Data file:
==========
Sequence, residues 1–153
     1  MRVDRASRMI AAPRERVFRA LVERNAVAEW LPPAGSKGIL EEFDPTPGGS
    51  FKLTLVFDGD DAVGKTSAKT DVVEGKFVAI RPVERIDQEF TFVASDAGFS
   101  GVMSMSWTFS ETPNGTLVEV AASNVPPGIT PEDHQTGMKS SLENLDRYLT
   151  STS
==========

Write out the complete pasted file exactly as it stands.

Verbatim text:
Sequence, residues 1–153
     1  MRVDRASRMI AAPRERVFRA LVERNAVAEW LPPAGSKGIL EEFDPTPGGS
    51  FKLTLVFDGD DAVGKTSAKT DVVEGKFVAI RPVERIDQEF TFVASDAGFS
   101  GVMSMSWTFS ETPNGTLVEV AASNVPPGIT PEDHQTGMKS SLENLDRYLT
   151  STS